Parents should be aware of what their kids see and hear on the Internet, who they meet, and what they share about themselves. Talk with your kids, use tools to protect them, and keep an eye on their activities. Teach your kids safe and responsible online behavior, and monitor their Internet use.
Guidelines for parental supervision:
- Keep the computer in a common area where you can watch and monitor its use, not in individual bedrooms. Monitor any time spent on mobile devices.
- Spend time online together to teach your kids appropriate online behavior. Let them show you what they like to do online.
- Set rules for social networking.
- Establish approved sites and time limits
- Use online protection tools to manage access to sites
- Bookmark kids’ favorite sites for easy access.
- Check your credit card and phone bills for unfamiliar account charges.
- Find out what, if any, online protection is offered by your child’s school, after-school center, friends’ homes, or any place where kids could use a computer without your supervision.
- Take your child seriously if he or she reports an uncomfortable online exchange.
Basic guidelines for parents to share with kids for safe online use:
- Follow the family rules, and those set by the Internet service provider.
- Never give out your passwords (other than with parents)
- Keep your privacy settings as high as possible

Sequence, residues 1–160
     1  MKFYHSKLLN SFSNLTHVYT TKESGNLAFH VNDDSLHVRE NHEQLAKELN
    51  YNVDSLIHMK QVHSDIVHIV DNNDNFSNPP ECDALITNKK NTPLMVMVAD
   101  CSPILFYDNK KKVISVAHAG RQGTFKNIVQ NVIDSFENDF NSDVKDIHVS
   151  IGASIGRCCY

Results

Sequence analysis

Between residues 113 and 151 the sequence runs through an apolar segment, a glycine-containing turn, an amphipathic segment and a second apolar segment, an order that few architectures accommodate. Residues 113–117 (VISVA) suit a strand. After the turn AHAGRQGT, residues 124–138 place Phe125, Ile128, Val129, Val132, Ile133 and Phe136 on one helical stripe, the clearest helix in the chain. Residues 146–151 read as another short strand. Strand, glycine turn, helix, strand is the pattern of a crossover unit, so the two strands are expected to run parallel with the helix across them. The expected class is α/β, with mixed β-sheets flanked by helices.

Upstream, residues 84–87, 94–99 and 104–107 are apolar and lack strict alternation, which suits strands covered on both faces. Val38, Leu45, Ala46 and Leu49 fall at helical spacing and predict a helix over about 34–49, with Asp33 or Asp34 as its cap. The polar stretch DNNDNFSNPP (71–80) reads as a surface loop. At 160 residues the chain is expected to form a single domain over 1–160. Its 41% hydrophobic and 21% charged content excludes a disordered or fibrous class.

- Never post or trade personal pictures.
- Never reveal personal information, such as address, phone number, or school name or location.
- Don’t befriend anyone you do not know
- Never agree to get together in person with anyone met online without parent approval and/or supervision.
- Never respond to a threatening email, message, post, or text.
- Think carefully about what you say before you post something online.
- Always tell a parent or other trusted adult about any communication or conversation that was scary or hurtful.
Watch for warning signs of a child being targeted by an online predator. These can include:
- spending long hours online, especially at night
- phone calls from people you don’t know
- unsolicited gifts arriving in the mail
- your child suddenly turning off the computer when you walk into the room
- withdrawal from family life and reluctance to discuss online activities
Talk to your kids! Keep an open line of communication and make sure that they feel comfortable turning to you when they have problems online.
Sources: Kidshealth.org and Netsmartz.org